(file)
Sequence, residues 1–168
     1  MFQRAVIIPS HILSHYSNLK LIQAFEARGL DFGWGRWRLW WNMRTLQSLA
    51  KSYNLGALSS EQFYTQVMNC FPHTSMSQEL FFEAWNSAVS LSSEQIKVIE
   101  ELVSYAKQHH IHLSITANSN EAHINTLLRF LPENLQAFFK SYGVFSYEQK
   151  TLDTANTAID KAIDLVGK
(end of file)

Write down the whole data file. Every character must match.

Sequence, residues 1–168
     1  MFQRAVIIPS HILSHYSNLK LIQAFEARGL DFGWGRWRLW WNMRTLQSLA
    51  KSYNLGALSS EQFYTQVMNC FPHTSMSQEL FFEAWNSAVS LSSEQIKVIE
   101  ELVSYAKQHH IHLSITANSN EAHINTLLRF LPENLQAFFK SYGVFSYEQK
   151  TLDTANTAID KAIDLVGK